A few decades later, the political motives of the holiday moved to the background and now March 8th is celebrated in more than 100 countries. It is also an official holiday in many countries, including Angola, Cambodia, China, Cuba, Eritria, Kazakhstan, Laos, Nepal, Uzbekistan, and Vietnam, among others. In Russia, this beautiful spring holiday is most often celebrated in the family circle or with friends. Men and women give flowers, postcards with poetry, chocolate, and jewelry to their mothers, wives, grandmothers, sisters, and daughters. At school, children bring their female teachers flowers. Yellow mimosas, tulips, and roses are especially popular flowers on this day. In companies and organizations, women receive flowers and small memorable gifts from their co-workers and the management.

Strong-WomanThe International Woman’s Day theme for 2016 is “Planet 50-50 by 2030: Step It Up for Gender Equality”. The United Nations observance on  March 8 will reflect on how to accelerate the 2030 Agenda, and other commitments on gender equality, women’s empowerment, and human rights. An independent campaign, separate from the UN, is being run by financial firm EY with other corporate partners, organizing events around a #PledgeForParity hashtag. National Women’s History Month reaches the global community and celebrates women’s accomplishments in a global recognition that honors women of all nations.

In our profession, women make up 63 percent of public relations “specialists,” according to Bureau of Labor Statistics data, and 59 percent of all PR managers. Other estimates say the female workforce for PR is closer to 73, or even 85 percent. Ragan.com … reported that 73 percent of the Public Relations Society of America’s members are women. Leeza L. Hoyt, president of the Hoyt Organization, examined the reasons why many women choose public relations for their career. The reasons are numerous and in some cases, may be the opportunity to raise a family and have a successful career with greater work-life balance, flexible hours, and telecommuting options. One thing is clear for both men and women in the field; public relations careers allow professionals to enjoy a variety of responsibilities, engage with key influencers, pursue a swiftly-moving career, and evolve constantly. Public relations practitioners serve the public by bringing attention to important social and political issues.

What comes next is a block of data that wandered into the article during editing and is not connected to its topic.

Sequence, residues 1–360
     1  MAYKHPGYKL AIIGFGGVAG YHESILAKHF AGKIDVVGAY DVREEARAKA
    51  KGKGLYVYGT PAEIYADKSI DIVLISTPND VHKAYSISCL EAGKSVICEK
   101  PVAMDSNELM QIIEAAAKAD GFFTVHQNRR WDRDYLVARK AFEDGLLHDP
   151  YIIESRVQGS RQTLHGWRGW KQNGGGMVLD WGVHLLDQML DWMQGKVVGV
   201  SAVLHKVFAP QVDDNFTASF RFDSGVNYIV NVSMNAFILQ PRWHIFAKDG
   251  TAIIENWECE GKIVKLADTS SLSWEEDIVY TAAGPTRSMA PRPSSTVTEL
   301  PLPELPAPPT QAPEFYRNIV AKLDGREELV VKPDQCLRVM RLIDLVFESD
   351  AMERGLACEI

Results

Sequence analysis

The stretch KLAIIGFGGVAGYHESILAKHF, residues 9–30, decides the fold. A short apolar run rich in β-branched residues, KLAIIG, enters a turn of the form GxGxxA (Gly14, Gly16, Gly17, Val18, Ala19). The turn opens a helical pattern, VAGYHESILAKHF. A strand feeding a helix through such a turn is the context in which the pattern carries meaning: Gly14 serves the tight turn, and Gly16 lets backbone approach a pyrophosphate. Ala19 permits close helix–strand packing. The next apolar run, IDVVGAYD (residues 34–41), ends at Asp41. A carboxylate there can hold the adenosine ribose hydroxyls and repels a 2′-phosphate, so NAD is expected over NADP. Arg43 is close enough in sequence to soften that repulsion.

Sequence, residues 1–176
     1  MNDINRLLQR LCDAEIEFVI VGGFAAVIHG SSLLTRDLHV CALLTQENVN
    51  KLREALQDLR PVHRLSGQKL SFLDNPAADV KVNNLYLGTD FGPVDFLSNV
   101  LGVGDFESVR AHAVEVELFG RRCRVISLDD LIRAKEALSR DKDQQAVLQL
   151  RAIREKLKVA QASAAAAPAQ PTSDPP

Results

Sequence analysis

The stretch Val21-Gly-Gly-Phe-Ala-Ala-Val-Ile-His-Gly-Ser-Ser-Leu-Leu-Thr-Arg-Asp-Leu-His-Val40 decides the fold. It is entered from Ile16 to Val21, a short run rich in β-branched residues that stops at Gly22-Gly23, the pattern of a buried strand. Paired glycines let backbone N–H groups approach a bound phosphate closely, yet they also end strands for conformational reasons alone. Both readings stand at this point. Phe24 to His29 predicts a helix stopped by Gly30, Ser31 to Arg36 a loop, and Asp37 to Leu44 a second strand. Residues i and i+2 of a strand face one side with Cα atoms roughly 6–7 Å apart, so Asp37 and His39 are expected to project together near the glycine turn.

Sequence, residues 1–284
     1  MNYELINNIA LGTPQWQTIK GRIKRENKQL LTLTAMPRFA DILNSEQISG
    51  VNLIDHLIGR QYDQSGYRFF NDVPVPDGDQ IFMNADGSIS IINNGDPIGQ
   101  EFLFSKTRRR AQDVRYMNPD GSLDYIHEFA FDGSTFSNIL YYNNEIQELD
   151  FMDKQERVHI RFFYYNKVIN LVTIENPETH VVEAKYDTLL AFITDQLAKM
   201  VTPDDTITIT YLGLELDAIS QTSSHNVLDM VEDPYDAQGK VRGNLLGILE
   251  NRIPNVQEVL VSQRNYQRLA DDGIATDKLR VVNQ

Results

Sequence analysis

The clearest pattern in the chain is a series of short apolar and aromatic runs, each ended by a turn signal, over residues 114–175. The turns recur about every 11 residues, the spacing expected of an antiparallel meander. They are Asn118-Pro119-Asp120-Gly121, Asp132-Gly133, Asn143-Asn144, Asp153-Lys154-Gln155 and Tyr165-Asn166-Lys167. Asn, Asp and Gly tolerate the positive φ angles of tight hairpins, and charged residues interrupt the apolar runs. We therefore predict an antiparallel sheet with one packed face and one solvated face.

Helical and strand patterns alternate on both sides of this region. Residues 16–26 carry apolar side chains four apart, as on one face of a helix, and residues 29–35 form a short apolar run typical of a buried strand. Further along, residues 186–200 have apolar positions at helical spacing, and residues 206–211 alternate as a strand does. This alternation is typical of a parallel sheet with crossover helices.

International Women’s Day is becoming deeply ingrained in history and culture of many countries. This is a perfect opportunity for many companies and organizations to honor and celebrate women’s achievements in the personal, public, and political spheres. Happy International Women’s Day!

Building From the Blacklash: How Sound Public Relations Strategies can Help the Oscars Rebuild Trust

By: Correy Hudson

Academy Award Trophy "Oscar"#Oscarssowhite. The hashtag heard (well, read) around the world following the announcement of the 2015 Academy Award nominations. Social media’s most trending topic last January was in response to the annual award show’s failure to nominate anyone of color in the major acting categories. The Academy of Motion Picture Arts and Sciences, the governing body responsible for the nominations, was facing one of its biggest public relations tests in the age of hashtags, retweets, and likes.

In the minds of actors and movie lovers, there was no way the academy could ignore the bad press and calls for an improved effort to diversify its membership and nominees. Surely, 2016 would be different.